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Ignore Your Haters and Pursue Your Dream

I’m a writer. Deep down in my soul, that’s all I’ve ever wanted to be. I’m often surprised by the response I receive when I tell people I’m a writer. It seems to make some folks uncomfortable. Out of polite obligation, I’m usually asked where I’m published. After I list my publications, which are all short prose and poetry so far, the responses aren’t always positive.

I took one of the anthologies, in which I have a story published, to a family gathering last year. I was excited because the book was comprised of only Missouri writers. Most of my family members looked at the book and said nice things. A couple of them refused to look at it, and that’s okay. They aren’t required to read my words.

They think I’m wasting my time, and I’ve made peace with their lack of interest. At least if they aren’t saying anything, they aren’t actively trying to hurt me. I didn’t realize any of my kinfolk held actual disdain for my craft until that night. Nothing could have prepared me for the moment one of my cousins read my first paragraph and asked me if I paid to have my story included.

I was stunned at his harsh question and rendered speechless. Another relative answered him with a brilliant, “She’s a professional. She doesn’t pay to be published. She gets paid to be published.”

My family member wasn’t finished being snide, though. He asked me why the first paragraph wasn’t indented. He knew it should be because that’s how he learned to write in school. He didn’t know why I thought I was special enough to ignore the rules of writing.

I explained the publisher is the one who left-justified the first paragraph, which is a common practice in the publishing industry. I was quite hurt by his whole attitude toward what I considered to be a great accomplishment. The episode put a pall on the rest of the evening. A year later, it still sticks in my craw when I think about it.

Most of us have stories like this. I follow several bestselling authors on Twitter, and happened across a post from Lori Foster, bestselling romance author, discussing snide remarks and backhanded compliments she receives. I was amazed that someone as accomplished as Lori suffers such negative comments.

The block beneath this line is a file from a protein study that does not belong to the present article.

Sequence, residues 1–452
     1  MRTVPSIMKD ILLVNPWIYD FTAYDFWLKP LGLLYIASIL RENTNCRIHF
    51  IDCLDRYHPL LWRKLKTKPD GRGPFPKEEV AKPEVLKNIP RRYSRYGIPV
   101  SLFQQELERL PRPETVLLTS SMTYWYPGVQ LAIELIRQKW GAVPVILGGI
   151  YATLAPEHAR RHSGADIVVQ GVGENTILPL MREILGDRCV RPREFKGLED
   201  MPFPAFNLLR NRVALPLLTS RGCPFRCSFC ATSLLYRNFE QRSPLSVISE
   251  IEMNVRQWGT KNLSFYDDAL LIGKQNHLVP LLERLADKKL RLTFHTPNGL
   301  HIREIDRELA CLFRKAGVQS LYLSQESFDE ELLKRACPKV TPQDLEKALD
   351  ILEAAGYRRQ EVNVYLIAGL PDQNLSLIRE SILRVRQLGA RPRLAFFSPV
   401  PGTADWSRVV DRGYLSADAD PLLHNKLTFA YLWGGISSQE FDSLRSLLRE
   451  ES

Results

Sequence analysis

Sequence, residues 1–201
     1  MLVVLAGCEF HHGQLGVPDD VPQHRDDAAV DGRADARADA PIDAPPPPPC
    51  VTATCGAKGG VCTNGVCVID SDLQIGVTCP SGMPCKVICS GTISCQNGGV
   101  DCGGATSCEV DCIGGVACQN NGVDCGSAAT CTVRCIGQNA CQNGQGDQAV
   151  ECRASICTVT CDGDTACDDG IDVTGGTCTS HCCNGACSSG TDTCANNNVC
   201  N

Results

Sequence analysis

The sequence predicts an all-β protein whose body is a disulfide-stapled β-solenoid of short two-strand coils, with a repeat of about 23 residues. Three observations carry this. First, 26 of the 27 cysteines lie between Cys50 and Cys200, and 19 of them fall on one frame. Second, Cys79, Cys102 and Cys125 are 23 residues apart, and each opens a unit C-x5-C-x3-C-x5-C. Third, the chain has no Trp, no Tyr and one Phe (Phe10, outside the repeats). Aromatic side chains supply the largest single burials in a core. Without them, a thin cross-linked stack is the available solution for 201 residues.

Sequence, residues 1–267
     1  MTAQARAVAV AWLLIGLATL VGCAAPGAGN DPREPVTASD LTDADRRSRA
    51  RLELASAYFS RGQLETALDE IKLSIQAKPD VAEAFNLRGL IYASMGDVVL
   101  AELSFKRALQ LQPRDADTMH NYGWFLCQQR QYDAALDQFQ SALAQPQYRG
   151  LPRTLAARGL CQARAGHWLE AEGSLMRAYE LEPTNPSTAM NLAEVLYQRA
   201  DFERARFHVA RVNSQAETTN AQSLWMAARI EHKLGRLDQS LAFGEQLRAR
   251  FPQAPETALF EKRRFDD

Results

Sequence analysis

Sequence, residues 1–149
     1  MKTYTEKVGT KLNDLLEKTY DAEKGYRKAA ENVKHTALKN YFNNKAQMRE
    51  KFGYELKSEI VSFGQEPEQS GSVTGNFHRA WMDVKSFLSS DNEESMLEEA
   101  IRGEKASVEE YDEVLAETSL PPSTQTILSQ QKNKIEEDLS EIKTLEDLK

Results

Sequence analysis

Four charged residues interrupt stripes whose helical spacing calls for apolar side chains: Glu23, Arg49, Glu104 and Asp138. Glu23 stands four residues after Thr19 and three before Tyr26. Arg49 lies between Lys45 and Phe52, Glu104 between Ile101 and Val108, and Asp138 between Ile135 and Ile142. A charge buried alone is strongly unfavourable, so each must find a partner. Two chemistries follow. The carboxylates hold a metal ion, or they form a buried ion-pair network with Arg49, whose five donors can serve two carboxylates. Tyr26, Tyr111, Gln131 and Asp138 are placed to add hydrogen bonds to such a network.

Lori Foster is one of my idols, and she’s been in the business for a long time. She has her own motor coach with her face on the side of it. She’s world famous. People line up around the block to have her sign their books. She is who I aspire one day to emulate. Yet, she deals with people trying to hurt her feelings and make her feel bad about herself. She’s like many of us in that regard.

I deal with this sort of negativity by connecting with other writers. When someone manages to get a barb into my ever-thickening writer skin, I email the Prose Sisters (my critique group) who offer me support, encouragement, and validation. Then I look at the beautiful books on my shelf that comprise most of my publishing credits.

I work a full-time day job. I also have familial obligations. Yet I pour every ounce of time and energy I can muster into perfecting my craft. I attend gatherings with writers of various genres and different approaches to writing, marketing, and publishing. I go to writers’ conferences where I meet others like me from all over the country and learn from those who have achieved great success. I take classes and watch webinars. I belong to four writers groups and learn things from each one. I’m constantly learning and striving.

I want each of you to know that there is nothing wrong with doing something you love. It’s not a waste of time or something for which you should feel ashamed. You should be proud of your efforts. Putting your heart into something is difficult. Sharing the fruits of your passion with others can be terrifying.

If you are doing those things, then I applaud you. If you aren’t quite there, but are striving, then I encourage you to keep going. Take a moment to pat yourself on the back for pursuing your dream. The haters don’t know what they’re missing.

I have a story published in each of the books advertised below. Missouri’s Emerging Writers is the book I referenced above.

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